Billionaire investor-backed Snowflake said it would raise $3.4 billion in the largest-ever software IPO, giving it a value of over $33 billion.
The cloud-data platform will sell 28 million shares priced at $120 a piece.
Snowflake plans to list on the New York Stock Exchange under the ticker symbol “SNOW” from September 16.
Its highly-anticipated IPO has managed to capture the attention of billionaire investor Warren Buffett, who agreed to invest over $550 million in the company after going public.
Cloud startup Snowflake raised a record-breaking $3.4 billion on Wednesday, in the largest ever initial-public-offering for a software company on Wednesday, kicking off a big week for technology firms going public this week.
The cloud-data warehousing startup announced that it is selling 28 million shares valued at $120 each, which means it would raise nearly $3.4 billion in proceeds.
Snowflake, which was valued at $12.4 billion around the time of its most recent fundraising round in February and counts billionaire investor Warren Buffett among its backers, plans to list its shares on the New York Stock Exchange under the ticker symbol “SNOW” from September 16.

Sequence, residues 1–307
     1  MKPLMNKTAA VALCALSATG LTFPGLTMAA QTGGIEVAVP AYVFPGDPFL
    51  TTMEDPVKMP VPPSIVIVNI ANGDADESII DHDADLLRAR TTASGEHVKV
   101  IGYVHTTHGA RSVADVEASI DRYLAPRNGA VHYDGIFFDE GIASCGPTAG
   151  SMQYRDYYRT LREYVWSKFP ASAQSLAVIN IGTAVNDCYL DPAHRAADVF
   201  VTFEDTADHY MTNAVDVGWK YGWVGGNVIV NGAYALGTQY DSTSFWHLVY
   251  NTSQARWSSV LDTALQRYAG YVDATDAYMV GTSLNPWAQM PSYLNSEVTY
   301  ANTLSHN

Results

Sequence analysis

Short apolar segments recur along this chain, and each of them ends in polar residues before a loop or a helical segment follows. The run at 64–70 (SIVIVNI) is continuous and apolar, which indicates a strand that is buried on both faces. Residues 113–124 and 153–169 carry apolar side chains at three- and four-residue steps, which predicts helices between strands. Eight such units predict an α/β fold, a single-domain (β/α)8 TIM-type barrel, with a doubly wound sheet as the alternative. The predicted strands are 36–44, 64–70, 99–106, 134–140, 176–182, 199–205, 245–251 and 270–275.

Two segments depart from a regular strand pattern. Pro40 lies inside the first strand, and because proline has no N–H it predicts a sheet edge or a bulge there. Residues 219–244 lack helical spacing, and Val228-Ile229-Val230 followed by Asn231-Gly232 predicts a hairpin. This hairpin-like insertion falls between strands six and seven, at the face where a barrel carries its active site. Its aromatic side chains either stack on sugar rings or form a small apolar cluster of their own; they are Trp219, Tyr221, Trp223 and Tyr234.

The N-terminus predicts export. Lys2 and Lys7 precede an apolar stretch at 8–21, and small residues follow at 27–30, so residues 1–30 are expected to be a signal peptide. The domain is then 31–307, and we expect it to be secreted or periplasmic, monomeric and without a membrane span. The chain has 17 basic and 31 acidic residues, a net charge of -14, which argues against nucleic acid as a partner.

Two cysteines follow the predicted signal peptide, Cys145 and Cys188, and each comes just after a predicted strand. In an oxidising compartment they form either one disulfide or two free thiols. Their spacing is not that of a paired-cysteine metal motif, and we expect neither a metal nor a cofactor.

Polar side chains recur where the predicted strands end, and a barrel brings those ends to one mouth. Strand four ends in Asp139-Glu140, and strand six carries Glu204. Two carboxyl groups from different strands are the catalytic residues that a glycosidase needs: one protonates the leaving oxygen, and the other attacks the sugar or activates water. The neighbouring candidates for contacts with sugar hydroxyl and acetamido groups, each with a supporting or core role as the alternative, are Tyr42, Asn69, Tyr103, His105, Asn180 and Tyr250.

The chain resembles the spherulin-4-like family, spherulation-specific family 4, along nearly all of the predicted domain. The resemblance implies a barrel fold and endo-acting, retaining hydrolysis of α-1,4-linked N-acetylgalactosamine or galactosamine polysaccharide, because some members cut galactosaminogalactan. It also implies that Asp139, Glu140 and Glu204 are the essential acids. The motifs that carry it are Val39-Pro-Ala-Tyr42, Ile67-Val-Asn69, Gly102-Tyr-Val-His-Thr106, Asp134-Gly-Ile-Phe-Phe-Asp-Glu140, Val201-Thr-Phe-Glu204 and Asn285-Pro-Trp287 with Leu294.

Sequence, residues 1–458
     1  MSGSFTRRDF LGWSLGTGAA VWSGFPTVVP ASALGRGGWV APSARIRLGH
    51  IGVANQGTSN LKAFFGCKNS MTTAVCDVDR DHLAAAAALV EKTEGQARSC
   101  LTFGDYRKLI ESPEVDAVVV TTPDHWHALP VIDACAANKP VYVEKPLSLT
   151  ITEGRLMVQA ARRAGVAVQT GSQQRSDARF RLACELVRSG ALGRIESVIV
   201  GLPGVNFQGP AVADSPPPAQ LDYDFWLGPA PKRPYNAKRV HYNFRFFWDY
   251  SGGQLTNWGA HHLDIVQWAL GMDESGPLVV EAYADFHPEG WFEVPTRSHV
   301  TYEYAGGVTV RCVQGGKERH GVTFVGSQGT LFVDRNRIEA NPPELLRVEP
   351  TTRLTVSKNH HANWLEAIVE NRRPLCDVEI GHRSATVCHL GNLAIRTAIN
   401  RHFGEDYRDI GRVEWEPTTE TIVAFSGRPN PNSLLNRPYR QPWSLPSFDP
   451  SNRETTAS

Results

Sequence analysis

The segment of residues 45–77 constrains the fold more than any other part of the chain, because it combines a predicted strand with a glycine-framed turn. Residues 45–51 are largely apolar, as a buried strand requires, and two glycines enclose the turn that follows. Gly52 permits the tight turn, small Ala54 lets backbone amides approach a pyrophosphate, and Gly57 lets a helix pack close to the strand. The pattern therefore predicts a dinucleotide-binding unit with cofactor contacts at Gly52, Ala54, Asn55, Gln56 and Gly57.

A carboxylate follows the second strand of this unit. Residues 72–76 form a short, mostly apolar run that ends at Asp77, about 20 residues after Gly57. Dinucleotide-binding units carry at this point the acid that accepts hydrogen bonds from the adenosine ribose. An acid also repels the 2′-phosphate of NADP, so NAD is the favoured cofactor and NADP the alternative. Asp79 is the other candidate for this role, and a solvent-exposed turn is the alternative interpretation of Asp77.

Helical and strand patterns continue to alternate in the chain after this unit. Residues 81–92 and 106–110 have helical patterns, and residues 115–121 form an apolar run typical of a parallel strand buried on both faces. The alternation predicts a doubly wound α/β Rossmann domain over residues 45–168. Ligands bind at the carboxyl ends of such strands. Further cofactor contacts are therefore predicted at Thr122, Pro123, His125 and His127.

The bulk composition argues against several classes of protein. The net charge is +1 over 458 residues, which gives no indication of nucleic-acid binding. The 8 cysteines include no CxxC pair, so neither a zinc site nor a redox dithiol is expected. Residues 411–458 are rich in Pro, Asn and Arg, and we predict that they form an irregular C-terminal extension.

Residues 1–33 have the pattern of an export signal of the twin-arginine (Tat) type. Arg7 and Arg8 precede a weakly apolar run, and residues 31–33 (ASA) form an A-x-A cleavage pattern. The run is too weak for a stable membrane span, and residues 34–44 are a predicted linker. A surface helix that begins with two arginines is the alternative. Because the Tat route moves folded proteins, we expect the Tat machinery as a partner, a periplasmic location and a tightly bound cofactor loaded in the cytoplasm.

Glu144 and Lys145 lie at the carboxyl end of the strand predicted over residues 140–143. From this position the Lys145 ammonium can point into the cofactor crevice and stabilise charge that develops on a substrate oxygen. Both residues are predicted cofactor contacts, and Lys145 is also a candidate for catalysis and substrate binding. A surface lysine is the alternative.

The San Mateo-based company’s highly-anticipated IPO has managed to generate surprise enthusiasm from Buffett, who famously steers clear of tech stocks .
Business Insider previously reported that Buffett had agreed to invest upwards of $550 million in the cloud-data company once it goes public.
Snowflake is the largest software IPO on record, according to Renaissance Capital, and the largest since Uber’s $8.1 billion flotation in May 2019.
It has emerged as one of the strongest players in cloud-data warehousing, particularly this year, as the pandemic forced millions of people to work remotely, fueling an already growing trend among businesses to set up networks on web-based platforms.